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Korea pledges W452tr in climate finance until 2030

March 19, 2024 - 16:59 By Choi Ji-won
The Financial Services Commission Chairman Kim Joo-hyun (right) speaks during a meeting with government officials and the leaders of major local banks to discuss financial support to combat climate challenges held in Seoul on Tuesday. (Yonhap)

The South Korean government and local banks on Tuesday pledged to jointly invest 452 trillion won ($337.4 billion) until 2030 to tackle the climate crisis.

The move aligns with the country's intensified efforts to achieve carbon neutrality by 2050 and bolster domestic firms' competitive edge in overseas markets.

"This unprecedented climate crisis we face today demands action not only to enhance our companies' competitiveness but also for the generations to come," said Kim Joo-hyun, head of the Financial Services Commission, adding, "Through this collaborative effort, we are taking a meaningful first step in tackling climate challenges."

Kim's remarks were made during a meeting in Seoul on Tuesday, attended by government officials and the CEOs of major banks, including Environment Minister Han Hwa-jin and the heads of the country's top five commercial banks.

Among the initiatives announced by the FSC on Tuesday is a 420 trillion won policy financing scheme for carbon reduction.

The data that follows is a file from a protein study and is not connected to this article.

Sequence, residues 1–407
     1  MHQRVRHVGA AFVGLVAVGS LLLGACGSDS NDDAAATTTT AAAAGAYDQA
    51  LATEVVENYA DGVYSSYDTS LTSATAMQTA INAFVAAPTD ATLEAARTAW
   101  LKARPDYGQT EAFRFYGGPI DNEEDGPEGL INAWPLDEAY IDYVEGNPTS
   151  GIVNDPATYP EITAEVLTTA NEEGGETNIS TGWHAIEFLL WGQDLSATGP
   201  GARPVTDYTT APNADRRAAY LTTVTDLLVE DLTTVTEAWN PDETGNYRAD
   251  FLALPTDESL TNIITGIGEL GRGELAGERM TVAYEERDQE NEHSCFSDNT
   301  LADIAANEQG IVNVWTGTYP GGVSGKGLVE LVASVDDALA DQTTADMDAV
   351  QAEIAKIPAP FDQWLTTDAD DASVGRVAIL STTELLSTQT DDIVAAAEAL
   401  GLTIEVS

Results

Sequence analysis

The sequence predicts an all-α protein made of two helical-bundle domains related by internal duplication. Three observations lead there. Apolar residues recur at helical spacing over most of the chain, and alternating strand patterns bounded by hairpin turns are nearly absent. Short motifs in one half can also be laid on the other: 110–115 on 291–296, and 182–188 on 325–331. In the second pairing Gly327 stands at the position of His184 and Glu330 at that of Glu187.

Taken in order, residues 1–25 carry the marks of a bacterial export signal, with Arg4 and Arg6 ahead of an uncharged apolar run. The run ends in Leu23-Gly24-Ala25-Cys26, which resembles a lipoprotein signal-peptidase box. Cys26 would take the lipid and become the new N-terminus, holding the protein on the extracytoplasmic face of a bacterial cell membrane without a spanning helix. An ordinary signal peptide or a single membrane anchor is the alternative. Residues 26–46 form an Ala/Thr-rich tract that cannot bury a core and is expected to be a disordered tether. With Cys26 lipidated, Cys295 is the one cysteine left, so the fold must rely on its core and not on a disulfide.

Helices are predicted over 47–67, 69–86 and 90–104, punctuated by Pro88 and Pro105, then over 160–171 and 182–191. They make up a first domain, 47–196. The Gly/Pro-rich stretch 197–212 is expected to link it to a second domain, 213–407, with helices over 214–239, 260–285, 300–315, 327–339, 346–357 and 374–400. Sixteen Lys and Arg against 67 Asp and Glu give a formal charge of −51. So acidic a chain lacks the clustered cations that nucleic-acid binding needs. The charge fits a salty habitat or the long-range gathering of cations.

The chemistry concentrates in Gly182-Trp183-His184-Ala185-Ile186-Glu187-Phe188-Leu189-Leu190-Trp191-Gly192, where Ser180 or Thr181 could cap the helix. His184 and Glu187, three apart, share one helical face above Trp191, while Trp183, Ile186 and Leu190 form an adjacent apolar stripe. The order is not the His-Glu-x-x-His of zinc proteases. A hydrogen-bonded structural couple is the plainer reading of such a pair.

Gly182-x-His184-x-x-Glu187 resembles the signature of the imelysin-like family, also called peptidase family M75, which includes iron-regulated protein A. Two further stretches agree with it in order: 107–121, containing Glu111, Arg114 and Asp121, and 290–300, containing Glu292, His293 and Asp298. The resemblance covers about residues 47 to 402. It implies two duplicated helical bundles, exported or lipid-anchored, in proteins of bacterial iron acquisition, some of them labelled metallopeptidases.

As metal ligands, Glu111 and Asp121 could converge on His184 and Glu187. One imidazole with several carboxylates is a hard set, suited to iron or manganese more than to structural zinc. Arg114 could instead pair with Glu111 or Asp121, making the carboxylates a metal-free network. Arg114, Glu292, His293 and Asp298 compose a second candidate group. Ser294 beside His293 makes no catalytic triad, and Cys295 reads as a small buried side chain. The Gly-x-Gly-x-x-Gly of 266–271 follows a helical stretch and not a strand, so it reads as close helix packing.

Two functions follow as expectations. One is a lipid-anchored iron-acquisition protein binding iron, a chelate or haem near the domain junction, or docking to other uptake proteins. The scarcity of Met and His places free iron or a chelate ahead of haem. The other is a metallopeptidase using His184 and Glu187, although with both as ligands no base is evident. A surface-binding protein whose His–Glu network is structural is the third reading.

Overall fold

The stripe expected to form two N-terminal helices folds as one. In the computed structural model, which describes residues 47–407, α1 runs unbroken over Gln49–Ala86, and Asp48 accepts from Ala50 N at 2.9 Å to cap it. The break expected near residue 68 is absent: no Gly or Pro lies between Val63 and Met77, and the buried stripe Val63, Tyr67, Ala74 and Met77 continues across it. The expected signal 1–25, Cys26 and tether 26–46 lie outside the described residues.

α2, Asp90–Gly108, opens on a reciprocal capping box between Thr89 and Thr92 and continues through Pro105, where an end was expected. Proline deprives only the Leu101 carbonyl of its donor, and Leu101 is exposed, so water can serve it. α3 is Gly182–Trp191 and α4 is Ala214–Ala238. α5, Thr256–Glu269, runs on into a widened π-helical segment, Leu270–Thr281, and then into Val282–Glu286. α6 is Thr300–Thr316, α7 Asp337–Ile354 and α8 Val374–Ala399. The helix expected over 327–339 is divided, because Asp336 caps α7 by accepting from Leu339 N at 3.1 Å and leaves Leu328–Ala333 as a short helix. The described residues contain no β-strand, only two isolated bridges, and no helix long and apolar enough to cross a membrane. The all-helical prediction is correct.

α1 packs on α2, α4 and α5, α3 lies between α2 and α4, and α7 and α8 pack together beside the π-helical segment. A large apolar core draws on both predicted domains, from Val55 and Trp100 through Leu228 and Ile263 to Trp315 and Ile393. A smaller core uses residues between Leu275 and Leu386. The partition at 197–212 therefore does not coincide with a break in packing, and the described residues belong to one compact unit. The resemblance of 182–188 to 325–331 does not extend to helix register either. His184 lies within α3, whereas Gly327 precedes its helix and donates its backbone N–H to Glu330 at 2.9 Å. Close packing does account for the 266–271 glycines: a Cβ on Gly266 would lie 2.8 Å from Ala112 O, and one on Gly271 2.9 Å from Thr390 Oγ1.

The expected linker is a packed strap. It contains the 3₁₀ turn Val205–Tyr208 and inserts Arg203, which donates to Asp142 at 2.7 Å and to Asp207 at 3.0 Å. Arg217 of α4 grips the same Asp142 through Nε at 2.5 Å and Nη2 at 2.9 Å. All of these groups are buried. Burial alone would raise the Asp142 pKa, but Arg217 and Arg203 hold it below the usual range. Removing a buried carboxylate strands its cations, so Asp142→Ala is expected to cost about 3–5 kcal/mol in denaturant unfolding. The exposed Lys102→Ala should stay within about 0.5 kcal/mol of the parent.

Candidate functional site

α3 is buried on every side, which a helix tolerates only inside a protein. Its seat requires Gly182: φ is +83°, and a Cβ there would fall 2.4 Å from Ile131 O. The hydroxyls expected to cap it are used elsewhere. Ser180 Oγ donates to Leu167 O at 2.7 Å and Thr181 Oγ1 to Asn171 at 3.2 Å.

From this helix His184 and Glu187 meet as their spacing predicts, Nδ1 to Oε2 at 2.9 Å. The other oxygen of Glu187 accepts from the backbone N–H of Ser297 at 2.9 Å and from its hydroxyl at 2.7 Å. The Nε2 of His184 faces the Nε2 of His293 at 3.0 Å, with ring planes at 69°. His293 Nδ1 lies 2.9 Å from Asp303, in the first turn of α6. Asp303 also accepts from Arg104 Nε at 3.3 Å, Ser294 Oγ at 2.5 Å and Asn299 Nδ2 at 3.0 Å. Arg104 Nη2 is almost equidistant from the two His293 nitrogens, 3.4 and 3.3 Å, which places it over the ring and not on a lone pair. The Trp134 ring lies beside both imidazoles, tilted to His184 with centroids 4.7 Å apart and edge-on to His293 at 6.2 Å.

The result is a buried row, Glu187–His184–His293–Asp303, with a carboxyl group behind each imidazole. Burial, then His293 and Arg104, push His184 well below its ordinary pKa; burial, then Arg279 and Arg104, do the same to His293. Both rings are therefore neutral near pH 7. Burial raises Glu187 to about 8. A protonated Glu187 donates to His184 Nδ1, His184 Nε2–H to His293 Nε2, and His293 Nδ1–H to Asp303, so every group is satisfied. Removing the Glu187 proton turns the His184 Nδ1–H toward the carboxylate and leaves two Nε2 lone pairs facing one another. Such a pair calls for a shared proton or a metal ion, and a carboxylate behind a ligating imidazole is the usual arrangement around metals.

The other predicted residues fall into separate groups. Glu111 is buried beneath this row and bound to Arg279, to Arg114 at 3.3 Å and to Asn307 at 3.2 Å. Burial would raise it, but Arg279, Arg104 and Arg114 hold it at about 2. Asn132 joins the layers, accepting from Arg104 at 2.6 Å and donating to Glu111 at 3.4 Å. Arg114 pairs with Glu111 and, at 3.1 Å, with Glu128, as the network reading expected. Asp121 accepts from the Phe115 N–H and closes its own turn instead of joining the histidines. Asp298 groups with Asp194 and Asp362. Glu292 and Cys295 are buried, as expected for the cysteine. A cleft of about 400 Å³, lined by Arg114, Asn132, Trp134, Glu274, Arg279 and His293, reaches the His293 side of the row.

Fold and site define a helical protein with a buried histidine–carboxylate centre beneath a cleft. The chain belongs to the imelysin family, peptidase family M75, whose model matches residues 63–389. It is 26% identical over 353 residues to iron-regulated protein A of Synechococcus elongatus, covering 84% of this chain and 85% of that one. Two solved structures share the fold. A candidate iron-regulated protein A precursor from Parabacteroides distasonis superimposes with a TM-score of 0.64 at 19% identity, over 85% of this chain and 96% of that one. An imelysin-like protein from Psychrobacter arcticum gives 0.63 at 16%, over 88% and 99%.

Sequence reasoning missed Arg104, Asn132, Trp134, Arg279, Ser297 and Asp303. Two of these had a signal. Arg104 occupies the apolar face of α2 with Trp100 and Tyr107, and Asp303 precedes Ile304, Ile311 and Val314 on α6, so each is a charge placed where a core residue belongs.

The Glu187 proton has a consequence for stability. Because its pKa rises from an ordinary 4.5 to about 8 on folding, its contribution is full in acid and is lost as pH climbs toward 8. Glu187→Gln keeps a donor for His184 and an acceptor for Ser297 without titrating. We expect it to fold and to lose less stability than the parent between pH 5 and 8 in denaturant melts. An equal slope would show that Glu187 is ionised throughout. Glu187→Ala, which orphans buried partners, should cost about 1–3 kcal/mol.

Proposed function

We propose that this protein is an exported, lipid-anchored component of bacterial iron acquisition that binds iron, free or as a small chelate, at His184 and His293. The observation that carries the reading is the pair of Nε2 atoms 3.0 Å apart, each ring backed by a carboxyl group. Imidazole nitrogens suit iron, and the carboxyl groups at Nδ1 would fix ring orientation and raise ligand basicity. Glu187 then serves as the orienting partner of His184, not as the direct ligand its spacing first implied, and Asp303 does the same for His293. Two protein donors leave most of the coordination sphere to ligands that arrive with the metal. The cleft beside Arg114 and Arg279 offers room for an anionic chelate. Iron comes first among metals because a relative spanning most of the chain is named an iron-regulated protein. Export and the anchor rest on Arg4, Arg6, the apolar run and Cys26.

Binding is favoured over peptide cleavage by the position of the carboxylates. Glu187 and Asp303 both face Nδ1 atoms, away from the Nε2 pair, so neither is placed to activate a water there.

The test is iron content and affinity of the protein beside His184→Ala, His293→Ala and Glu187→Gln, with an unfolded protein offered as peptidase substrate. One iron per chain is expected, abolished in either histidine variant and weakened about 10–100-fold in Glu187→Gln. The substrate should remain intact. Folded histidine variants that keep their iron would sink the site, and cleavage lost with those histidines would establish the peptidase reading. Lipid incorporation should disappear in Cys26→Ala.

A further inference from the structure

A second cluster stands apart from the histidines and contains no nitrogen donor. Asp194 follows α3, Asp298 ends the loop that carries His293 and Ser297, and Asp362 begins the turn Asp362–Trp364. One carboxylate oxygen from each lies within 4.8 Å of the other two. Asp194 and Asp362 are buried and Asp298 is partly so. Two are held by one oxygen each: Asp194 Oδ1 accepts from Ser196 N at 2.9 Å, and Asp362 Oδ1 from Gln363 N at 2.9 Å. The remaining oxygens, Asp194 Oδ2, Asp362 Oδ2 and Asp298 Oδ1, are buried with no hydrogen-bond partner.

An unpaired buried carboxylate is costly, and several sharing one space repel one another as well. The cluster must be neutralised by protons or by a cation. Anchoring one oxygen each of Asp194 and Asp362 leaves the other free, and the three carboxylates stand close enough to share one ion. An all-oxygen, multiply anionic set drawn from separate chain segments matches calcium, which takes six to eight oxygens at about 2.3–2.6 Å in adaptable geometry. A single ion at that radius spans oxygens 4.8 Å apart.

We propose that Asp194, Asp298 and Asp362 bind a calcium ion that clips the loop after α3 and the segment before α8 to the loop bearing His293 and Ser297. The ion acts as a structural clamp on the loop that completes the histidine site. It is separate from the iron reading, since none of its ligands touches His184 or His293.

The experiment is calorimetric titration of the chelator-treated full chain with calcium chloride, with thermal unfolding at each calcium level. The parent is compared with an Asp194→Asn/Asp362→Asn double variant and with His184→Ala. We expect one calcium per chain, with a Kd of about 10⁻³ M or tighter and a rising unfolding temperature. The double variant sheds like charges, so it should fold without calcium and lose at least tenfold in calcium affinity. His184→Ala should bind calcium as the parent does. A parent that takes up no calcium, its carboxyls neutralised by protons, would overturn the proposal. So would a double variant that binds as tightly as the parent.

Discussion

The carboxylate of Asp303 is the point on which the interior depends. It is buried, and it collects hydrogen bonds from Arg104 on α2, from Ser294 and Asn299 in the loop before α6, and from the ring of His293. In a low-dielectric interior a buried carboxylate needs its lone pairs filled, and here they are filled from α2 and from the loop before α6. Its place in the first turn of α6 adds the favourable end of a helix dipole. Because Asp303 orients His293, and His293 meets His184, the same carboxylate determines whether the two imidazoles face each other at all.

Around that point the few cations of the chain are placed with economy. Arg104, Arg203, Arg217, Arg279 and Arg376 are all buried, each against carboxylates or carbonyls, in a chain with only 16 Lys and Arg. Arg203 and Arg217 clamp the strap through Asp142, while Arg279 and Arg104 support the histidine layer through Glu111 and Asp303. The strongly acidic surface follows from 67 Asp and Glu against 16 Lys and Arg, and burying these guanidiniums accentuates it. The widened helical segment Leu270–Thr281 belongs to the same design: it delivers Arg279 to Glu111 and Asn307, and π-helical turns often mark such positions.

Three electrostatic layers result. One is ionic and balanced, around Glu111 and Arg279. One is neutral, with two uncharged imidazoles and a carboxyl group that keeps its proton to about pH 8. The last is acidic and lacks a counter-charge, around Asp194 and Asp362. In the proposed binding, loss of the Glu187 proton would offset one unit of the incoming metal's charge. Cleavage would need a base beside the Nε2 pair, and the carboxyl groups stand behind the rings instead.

State-run lenders and funds, such as the Korea Development Bank and the Export-Import Bank, will jointly secure an average of 60 trillion won annually, marking a 67 percent increase from the previous five years. This initiative is estimated to reduce the nation's greenhouse gas emissions by 85.97 million tons by 2030, representing 29.5 percent of the government's reduction target over the next seven years.

Additionally, the KDB and the nation's five major commercial banks -- KB Kookmin, Shinhan, Woori, Hana and NongHyup -- will establish a 9 trillion won "future energy fund" to finance the construction of new green energy facilities. State-run financial institutions will also extend subordinated loans worth 14 trillion won.

While the companies will require approximately 160 trillion won in external capital to construct the essential renewable infrastructure by 2030, this task poses a challenge as loans associated with such projects typically take around 25 years to be fully repaid.

Venture capital of 54 trillion won is essential to attract more investment from the market, and the agency anticipated that 23 trillion won, including the "future energy fund," will act as a catalyst in initiating the venture capital.

The government and private banks are pooling an extra 9 trillion won to boost technological advancement in the climate sector.

According to the FSC, the green technology sector is a highly aspiring market that is projected to see an annual average growth of 24 percent, yet, low profitability at the early stage has often hindered investment. As a consequence, South Korea faces a three-year gap in climate technology advancement compared to other advanced countries, the agency noted.

To support this development, the state-run Industrial Bank of Korea and five commercial lenders will collaboratively raise 3 trillion won, supplemented by 6 trillion won in government funding.

The authorities also vowed systematic improvements in climate finance. Collaborating with the financial sector, the FSC plans to establish regulatory guidelines applying the K-taxonomy to loans, while strengthening support for related financial risk management.